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This VC is optimistic about “the real one” of America’s dynamism

For many in the United States, the COVID-19 pandemic was a wake-up call that showed the US was unprepared for difficulties and unduly reliant on China.

Whether the present global order necessitates a fresh wave of isolationism depends on your worldview, but the desire for the United States to be more self-reliant, tackle its most obvious difficulties, and remain ahead of its adversaries can be found across the political spectrum.

Can we expect a response from the government? Certainly not, according to Andreessen Horowitz, a venture finance company. Even though co-founder Marc Andreessen made this point in his “Time to Build” rallying cry, general partner Katherine Boyle reinforced this point in a January article on American dynamism.

Boyle defined American vitality as “the awareness that apparently intractable challenges in our society — from national security and public safety to housing and education — deserve answers that aren’t just incremental tweaks that preserve the status quo.” There has never been a more critical time for entrepreneurs to address these significant concerns facing the United States.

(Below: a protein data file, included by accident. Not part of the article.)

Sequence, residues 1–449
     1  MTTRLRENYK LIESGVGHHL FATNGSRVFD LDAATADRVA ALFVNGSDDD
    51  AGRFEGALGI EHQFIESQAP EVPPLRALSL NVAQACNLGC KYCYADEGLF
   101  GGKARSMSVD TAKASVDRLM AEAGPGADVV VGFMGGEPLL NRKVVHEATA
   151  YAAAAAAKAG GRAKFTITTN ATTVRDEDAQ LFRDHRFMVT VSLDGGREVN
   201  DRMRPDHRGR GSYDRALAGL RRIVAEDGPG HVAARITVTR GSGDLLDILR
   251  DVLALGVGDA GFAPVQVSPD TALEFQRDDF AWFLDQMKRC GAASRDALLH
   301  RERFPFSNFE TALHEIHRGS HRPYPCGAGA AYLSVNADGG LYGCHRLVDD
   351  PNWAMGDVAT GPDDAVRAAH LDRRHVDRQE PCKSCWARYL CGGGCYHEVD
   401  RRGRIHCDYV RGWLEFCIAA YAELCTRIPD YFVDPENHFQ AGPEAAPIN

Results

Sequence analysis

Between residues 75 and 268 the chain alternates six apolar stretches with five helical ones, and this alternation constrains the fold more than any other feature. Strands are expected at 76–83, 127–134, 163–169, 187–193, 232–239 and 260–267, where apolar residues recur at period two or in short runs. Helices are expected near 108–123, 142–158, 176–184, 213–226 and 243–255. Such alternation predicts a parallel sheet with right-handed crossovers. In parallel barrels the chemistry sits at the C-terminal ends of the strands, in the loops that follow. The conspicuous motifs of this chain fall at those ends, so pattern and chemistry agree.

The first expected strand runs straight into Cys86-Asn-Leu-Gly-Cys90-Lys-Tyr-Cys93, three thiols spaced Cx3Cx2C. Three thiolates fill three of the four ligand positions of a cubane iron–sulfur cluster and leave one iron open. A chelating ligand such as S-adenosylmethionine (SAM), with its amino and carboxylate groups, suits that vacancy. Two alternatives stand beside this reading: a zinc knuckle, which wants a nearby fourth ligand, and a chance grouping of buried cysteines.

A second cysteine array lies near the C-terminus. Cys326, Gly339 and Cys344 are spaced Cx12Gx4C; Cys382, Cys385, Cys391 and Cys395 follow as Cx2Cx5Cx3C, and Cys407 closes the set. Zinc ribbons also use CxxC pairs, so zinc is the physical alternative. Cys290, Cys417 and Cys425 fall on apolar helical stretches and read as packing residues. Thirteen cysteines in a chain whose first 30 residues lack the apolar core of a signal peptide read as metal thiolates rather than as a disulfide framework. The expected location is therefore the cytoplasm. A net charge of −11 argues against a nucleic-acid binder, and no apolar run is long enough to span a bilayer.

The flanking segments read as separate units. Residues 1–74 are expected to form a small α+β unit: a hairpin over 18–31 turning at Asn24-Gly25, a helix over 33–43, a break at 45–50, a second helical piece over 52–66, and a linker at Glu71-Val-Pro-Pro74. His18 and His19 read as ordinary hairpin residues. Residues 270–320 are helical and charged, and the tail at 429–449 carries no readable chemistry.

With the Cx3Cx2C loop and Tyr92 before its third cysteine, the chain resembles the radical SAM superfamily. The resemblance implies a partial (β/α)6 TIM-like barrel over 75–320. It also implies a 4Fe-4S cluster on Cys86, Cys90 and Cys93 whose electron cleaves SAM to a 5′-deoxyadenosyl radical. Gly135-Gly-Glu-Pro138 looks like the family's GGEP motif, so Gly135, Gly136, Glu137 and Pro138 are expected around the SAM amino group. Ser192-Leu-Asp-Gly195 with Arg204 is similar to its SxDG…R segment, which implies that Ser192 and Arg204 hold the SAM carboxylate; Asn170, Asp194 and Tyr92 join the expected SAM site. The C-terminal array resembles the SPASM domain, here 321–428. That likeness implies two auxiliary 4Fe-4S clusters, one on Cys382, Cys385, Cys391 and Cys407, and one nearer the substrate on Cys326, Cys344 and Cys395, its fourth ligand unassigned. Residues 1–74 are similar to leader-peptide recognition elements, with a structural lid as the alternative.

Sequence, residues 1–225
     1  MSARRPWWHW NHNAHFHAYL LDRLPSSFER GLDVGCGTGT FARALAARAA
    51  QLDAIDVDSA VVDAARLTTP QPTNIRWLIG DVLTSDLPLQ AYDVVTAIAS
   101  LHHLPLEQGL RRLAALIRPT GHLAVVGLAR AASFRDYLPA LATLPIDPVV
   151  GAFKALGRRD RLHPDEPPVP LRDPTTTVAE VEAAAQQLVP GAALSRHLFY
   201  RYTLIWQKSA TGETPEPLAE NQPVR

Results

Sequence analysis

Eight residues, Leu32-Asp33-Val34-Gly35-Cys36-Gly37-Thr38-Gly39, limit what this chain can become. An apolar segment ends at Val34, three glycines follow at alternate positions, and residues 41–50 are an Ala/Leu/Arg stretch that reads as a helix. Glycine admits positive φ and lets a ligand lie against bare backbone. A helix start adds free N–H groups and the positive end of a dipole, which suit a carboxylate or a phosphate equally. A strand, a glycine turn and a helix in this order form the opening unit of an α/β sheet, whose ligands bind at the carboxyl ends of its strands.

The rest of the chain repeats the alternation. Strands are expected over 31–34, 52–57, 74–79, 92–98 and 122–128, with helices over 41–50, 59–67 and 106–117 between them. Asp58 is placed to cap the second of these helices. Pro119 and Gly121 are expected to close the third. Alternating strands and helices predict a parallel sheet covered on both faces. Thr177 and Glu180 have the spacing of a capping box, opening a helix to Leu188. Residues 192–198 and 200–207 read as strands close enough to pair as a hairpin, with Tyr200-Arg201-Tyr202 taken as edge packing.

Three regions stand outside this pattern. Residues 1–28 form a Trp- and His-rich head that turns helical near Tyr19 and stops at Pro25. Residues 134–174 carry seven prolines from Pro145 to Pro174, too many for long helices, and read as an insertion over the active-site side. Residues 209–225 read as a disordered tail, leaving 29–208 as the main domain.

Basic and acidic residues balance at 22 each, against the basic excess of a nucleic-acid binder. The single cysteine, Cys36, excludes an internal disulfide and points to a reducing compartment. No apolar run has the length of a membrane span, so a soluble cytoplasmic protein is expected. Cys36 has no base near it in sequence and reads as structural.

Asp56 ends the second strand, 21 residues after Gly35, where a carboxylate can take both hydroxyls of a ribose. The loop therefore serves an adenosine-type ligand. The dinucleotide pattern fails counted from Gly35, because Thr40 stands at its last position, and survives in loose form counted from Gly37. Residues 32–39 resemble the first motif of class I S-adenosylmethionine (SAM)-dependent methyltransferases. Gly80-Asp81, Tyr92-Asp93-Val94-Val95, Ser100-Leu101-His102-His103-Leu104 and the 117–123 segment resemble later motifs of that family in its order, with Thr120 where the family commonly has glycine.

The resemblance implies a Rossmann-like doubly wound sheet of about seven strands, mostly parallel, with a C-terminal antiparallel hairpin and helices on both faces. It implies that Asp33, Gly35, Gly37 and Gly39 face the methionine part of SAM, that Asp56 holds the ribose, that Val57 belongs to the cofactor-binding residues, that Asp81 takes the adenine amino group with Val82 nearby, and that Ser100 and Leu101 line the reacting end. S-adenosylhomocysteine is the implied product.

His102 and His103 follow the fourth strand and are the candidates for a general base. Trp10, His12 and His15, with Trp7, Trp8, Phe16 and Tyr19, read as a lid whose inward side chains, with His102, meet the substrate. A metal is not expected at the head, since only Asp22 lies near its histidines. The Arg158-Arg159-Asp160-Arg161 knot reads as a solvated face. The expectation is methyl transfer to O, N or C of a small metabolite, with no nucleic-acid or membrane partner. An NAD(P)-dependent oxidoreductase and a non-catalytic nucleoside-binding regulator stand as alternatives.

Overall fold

In the United States, the idea that “America is dynamic” was well received. However, others have questioned whether or not a16z’s portfolio adequately reflected this aim, because it is more heavily weighted toward crypto and SaaS than, say, govtech.

Foreseeing some of the backlash, Boyle said, “that software only impacts the digital world and that we’re squandering good expertise neglecting the physical.”

She countered that “these naysayers are overlooking this present drive to the physical sector and the interaction of hardware and software.” According to Boyle, “dynamism is neither govtech nor ESG.”

This is where things start to get interesting, since a16z has developed an idea that seems to strike a chord with other investors, but which those investors may interpret differently. Nichole Wischoff, a sole general partner, recently expressed to TechCrunch her desire to invest in “authentic American dynamism.”